“The thing that really works is not just the space—which is attractive and functional—it’s the community you gain and the WeWork services we provide,” says Julia Davis, WeWork head of referrals and partnerships.
Time efficiency is another key to the success of co-working spaces. It takes almost no time at all to lease collaborative work spaces. Startup entrepreneurs may be impatient with the traditional pace of commercial real estate. They are used to partnerships and deals happening quickly, while real estate contracts and investments don’t always happen fast.
Co-working spaces offer a quick solution. Members can often sign an agreement and be up and running the next day without having to purchase office equipment or furniture. And at WeWork, members can utilize any of the WeWork spaces around the world, allowing them ultimate flexibility.
So when it comes to office sharing or co-working spaces, where do real estate advisors come into the equation?
First of all, brokers may be the best people to know the available nooks and crannies of under-utilized office space in a given market. Real estate advisors who know which offices and businesses are leasing spaces are an invaluable resource for youthful startups. Brokers can also suggest to current clients that leasing an office or two in their building to a startup could benefit everyone involved.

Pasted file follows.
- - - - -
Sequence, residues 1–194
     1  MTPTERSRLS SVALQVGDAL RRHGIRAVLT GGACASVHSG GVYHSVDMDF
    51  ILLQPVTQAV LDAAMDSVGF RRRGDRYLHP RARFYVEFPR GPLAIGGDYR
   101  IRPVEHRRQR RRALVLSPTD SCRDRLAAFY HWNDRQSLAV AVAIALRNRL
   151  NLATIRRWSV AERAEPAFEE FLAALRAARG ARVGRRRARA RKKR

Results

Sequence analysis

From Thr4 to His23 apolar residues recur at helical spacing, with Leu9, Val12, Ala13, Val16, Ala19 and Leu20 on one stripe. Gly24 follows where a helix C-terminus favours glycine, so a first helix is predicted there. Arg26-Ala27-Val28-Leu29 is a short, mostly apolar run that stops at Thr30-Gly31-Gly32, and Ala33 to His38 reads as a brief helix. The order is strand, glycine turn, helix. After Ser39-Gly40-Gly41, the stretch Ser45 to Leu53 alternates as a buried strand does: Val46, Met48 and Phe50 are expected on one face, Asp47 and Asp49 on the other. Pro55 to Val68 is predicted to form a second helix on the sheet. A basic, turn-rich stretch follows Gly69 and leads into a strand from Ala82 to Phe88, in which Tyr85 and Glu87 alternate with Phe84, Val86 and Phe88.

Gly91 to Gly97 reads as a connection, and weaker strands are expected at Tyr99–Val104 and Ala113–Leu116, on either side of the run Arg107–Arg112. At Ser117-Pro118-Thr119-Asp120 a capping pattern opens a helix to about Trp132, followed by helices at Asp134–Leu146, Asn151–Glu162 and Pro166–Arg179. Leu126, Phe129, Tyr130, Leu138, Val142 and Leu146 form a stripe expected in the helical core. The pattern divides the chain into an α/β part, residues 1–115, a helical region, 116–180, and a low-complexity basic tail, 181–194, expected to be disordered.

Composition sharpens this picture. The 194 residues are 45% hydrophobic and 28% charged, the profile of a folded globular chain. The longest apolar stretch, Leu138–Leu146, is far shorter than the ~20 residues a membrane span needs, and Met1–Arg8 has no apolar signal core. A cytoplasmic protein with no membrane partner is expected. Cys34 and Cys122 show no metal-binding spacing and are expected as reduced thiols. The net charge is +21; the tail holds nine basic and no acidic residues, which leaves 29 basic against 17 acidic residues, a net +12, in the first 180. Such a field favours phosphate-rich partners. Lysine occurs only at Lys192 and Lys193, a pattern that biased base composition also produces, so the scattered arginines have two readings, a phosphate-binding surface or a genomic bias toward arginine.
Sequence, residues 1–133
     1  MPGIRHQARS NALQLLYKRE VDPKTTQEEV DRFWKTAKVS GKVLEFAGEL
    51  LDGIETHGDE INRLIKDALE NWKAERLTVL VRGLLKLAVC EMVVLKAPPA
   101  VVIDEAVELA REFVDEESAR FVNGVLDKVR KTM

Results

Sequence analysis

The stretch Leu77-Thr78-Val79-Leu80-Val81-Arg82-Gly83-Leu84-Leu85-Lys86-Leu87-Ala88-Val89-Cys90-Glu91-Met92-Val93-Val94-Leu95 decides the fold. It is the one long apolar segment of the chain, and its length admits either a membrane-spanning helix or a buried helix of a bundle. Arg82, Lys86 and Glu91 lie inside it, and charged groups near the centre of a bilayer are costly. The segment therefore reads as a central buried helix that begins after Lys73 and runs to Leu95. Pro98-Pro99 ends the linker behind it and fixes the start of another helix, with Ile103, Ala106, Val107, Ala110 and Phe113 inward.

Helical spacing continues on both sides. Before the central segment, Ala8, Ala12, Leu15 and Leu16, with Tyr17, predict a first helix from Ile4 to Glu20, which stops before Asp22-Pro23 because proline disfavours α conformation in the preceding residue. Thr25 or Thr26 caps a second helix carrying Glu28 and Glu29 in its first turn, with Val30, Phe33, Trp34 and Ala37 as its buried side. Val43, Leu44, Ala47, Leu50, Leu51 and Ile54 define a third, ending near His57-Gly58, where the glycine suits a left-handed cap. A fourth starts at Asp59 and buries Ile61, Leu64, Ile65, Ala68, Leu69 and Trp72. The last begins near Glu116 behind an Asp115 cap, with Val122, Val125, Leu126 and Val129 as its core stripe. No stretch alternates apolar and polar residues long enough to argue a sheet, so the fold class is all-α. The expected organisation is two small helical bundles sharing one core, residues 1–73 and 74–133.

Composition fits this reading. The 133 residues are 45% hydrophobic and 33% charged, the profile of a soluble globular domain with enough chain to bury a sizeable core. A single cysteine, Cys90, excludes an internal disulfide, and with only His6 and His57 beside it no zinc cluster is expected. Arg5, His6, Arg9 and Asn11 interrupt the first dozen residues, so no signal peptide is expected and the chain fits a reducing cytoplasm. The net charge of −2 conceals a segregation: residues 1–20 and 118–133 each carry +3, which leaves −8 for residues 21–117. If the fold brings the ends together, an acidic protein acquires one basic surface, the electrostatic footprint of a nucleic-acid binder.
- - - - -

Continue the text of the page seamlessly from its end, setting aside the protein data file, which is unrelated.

It’s imperative to be able to provide useful knowledge and guidance and serve as a trusted resource for up-and-coming business leaders, says Ukropina. Anyone can give people market information and a great deal of material can be found online. But Ukropina says you can maintain your value by keeping a finger on the pulse of market dynamics, knowing which landlords are motivated to lease and finding creative solutions.